Name: Or Ben-David
Why I am one of the Shministim:
“I refuse because I want to make a difference. I want all those Palestinian youths who have lost hope to see that there are Israelis who care and who make a different choice. I want all those of my friends who became soldiers or who are about to become soldiers to see that things don’t have to be the way they are…”
Pre-Sentence: 28th Sept. 2009 (7 days of confinement to base)
First Sentence: 29th Oct. 2009 (20 days)
Second Sentence: 16th Nov. 2009 (20 days)
Third Sentence: 15th Dec. 2009 (34 days)
Full declaration of refusal:
To refuse means to say no! No to the military rule in the West Bank, no to the use of violence as a means of defence, no to patriarchy, no to violence against innocent people, no to abuse against soldiers, no to war and no to a society that claims to be democratic, but forces youths to carry weapons, kill and be killed.
The Israeli society takes the army for granted, considers it to be a necessity, and based on this it becomes legitimate, in the eyes of Israelis, for the military to do what it does, even when the actions themselves are less than acceptable.
Both societies in this conflict feed on lies, stereotypes and racism, and therefore both sides fear and refuse to meet. Most Israelis never met Palestinians, apart from the extremists they say on TV and in the papers. Most Palestinians never met Israelis, unless they were soldiers or settlers, in situations that were not very pleasant, to say the least. In this state of affairs, little wonder that it is so easy to find excuses for killing. The terrorists and the combat soldier make the same assumption – that the other people hates them and constantly tries to harm them, and so this person, as a member of that society, has the duty to assume responsibility and stop the other side (the terrorists, the demolishers of houses) or even hurt it (blow up somewhere in Israel, or besiege Palestinian villages) for his family, its safety and freedom, even if that means the he, the terrorist or the soldier or the freedom fighter, will be hurt.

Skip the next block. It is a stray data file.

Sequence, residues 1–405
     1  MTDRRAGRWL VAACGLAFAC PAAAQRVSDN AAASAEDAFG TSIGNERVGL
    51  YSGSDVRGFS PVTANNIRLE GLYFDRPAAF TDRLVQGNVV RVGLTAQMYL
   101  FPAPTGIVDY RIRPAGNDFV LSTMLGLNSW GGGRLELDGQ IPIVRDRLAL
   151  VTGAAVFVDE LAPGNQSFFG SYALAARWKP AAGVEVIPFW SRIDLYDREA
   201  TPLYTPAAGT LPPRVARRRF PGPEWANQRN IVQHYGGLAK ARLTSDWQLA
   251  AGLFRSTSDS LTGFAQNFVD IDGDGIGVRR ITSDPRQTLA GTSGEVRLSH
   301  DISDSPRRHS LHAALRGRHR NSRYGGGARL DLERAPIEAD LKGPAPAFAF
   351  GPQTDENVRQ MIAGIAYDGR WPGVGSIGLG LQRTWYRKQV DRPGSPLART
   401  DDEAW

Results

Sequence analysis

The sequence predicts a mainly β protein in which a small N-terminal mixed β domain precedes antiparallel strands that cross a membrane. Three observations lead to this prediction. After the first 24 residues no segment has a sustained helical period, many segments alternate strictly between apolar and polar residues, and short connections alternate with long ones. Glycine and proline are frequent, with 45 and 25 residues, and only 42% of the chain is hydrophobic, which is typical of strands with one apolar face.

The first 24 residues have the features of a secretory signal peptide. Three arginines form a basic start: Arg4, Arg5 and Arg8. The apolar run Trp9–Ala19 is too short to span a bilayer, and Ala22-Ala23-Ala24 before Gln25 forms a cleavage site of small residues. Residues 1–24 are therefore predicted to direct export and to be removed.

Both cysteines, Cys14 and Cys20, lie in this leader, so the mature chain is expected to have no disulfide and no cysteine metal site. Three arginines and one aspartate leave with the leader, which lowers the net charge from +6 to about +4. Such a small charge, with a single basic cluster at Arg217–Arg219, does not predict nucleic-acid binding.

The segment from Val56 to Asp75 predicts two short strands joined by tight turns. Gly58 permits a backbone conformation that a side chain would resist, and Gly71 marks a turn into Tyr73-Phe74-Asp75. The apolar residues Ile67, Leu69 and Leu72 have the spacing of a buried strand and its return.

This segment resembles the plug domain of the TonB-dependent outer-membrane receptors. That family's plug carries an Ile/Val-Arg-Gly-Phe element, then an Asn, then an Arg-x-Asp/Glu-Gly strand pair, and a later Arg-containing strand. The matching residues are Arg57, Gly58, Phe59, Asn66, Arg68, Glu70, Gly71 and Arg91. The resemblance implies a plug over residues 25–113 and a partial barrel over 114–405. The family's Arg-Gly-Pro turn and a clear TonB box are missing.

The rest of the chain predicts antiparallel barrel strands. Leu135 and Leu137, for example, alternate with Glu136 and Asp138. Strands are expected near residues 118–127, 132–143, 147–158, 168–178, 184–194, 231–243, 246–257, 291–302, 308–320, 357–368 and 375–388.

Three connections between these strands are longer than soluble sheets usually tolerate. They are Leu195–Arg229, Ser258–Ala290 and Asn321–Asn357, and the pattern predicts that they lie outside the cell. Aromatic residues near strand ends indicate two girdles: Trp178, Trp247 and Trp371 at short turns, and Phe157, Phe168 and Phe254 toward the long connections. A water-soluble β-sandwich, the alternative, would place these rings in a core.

Just as I hope that as a Palestinian who had lived all her life under occupation and had grown up in a violent society, I would not have chosen to become a terrorist, so, as an Israeli living under the constant threat of terror attacks and rockets, abductions (a political incarceration in an Israeli prison is also a kind of abduction in my view), I shall not choose to become a soldier.
I am not saying that soldiers or terrorists are acting out of some natural evilness. On the contrary, I believe they are acting out of misinformation and brainwashing.
Now, all these are not necessarily reasons to become a conscientious objector. Some Israelis choose for the same reasons to get discharged from the military in other ways. I could have done so, thus freeing my time for the struggle against all those things. And maybe, as most Israelis believe, I could have enlisted and become “the good soldier at the checkpoint”, to stop the violence and injustice “on the ground”, because that is the only way to really understand what the army is, that it is not just all occupation…
No! So many people have joined the army and said that they would be the ones to change it from within, but they ended up following the same orders, doing the same horrible things. Because when you are ordered to enter a house or to stop somebody at a checkpoint, it doesn’t matter that much whether you smile at him while doing this, or whether you avoid stepping on their bed with your mud-soiled boots. It’s the fact that you did it that matters. You stopped him from reaching his destination; you broke into his house in the middle of the night. And with all the social pressure and the brainwashing in the military you change. Everybody changes.
I do not want to belittle the importance of the fact that some soldiers do not hit, do not abuse. I appreciate that, but that is not the way it is supposed to be. I should be lauding a person’s understanding what is going on and refusing an order, not the fact that he was one of those laying a siege on a population, but smiling nicely at the person denied passage to hospital.